He was tortured and abused for weeks. Israel shamelessly called him a “dangerous” leader. He documented his ordeal in prison notes. 
He titled them “I Shall Not Wear Your Tarboush (a fez like cap).” He explained brutalizing torture and solitary confinement. Israel treats most Palestinian prisoners the same way.
At his October 31, 2011 military court hearing, he said:
“You are destroying my life, and I want to know why. As a human being, I have my own mind and I am educated, and I want to know what I am detained for.”
In September 2011, Amnesty International (AI) declared him “a prisoner of conscience.” He’s imprisoned “solely for the peaceful expression of his political views,” AI said.
In Occupied Palestine, Israel prohibits free expression and assembly. It denies Palestinians all rights.
Qatamesh was imprisoned administratively uncharged. So are many other Palestinians. They’re denied due process.
They can’t contest their detention. They can be held indefinitely. They’re not told why. Three Israeli laws authorize detentions:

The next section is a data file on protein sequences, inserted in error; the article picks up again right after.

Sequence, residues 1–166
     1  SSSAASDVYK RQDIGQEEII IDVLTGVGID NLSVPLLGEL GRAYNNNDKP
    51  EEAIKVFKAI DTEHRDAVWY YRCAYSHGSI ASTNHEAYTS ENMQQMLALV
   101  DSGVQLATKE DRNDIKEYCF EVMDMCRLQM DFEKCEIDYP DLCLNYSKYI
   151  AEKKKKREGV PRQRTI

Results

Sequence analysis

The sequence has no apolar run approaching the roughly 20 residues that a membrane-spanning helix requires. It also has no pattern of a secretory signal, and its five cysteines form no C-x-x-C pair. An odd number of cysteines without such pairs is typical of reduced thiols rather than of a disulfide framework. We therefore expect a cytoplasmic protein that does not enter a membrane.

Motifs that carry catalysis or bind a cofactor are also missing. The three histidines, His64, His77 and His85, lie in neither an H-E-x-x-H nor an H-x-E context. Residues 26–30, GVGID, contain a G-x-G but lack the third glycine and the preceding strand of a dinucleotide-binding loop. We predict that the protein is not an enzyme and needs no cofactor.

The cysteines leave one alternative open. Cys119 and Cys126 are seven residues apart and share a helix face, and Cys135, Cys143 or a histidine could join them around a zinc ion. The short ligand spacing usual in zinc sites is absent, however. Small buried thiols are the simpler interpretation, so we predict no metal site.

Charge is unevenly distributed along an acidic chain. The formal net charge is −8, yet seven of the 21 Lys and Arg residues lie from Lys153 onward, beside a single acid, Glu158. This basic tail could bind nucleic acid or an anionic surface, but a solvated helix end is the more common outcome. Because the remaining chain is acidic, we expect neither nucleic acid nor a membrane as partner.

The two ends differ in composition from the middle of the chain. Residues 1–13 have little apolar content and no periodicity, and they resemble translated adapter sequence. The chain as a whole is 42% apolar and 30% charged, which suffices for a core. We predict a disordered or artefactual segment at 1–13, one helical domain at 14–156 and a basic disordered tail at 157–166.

• the Order Regarding Administrative Detention; it’s part of 
  • military law governing the West Bank;
  • the Emergency Powers (Detentions) Law for Israel; and
  • the Internment of Unlawful Combatants Law (the 2002 
  • Unlawful Combatants Law).
Four Israeli entities have decision-making authority:
  • Shin Bet (Israel’s Security Agency);
  • military commanders in charge;
  • the IDF prosecutor’s office; and
  • military judges adjudicating cases.
Administrative detentions last six months. They can be indefinitely renewed forever. Most detainees are held on individual administrative orders.
Israeli authorities decide based on a so-called “reasonable (belief) that the security of the region or public security” is threatened.
Prolonged detentions are common. Doing so grievously breaches international law. Article 9 of the International Covenant on Civil and Political Rights states:
“Everyone has the right to liberty and security of person. No one 
shall be subjected to arbitrary arrest or detention. No one shall be deprived of his liberty except on such grounds and in accordance with such procedures as are established by law.”